March 20, 2008
My EPC colleagues, Antonio Missiroli and Jérôme Bacquias, have just written an interesting paper following the resignation of Markos Kyprianou and the one-month ‘unpaid leave’ taken by Franco Frattini, speculating that these may not be the last to leave the Barroso team prior to October 2009.
A comparable trend emerged in the final months of the Prodi Commission (1999-2004): Erkki Liikanen left to become Governor of the Bank of Finland, Michel Barnier to become Foreign Minister in France, and Pedro Solbes to become Finance Minister in Spain.
Anna Diamantopoulou resigned to run for the national parliament in Greece and Philippe Busquin to run for the European Parliament, and both were eventually elected.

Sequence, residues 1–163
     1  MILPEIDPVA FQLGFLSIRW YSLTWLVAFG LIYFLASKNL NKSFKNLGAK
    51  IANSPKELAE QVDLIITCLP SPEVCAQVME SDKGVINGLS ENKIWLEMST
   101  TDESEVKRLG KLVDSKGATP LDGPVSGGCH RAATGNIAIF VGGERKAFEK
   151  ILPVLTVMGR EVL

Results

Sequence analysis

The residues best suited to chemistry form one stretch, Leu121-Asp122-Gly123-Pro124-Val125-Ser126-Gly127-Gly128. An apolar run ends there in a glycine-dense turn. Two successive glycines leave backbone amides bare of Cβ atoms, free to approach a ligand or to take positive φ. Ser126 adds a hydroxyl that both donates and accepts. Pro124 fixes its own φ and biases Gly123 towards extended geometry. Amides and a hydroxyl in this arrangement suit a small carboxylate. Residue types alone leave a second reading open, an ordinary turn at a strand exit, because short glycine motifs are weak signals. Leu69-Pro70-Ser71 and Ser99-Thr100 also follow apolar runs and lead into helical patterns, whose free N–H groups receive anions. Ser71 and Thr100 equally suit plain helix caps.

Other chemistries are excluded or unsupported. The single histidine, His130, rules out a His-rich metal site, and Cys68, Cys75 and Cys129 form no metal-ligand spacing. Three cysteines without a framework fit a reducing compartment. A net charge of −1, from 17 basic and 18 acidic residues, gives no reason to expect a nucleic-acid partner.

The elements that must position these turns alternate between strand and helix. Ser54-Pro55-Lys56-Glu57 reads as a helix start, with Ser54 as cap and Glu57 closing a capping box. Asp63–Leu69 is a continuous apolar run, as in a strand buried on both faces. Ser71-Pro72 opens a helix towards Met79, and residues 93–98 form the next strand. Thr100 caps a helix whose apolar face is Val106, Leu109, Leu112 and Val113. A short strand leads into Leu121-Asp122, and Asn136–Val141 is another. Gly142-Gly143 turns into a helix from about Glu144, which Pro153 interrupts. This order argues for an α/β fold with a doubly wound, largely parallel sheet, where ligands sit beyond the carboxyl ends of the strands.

I agree that this is good news for the Commission (see my post of 5 March ‘Commissioner no longer end of political road’). I do not, however, agree that “the Commission increasingly resembles an outgoing US administration”. Unlike Washington, the college of Commissioners is supported by a permanent civil service: only the Commissoners and their cabinets change at the end of a mandate.
This likely trend is easily understood by EU citizens and it brings Brussels closer to the national political scene.Author : Stanley Crossick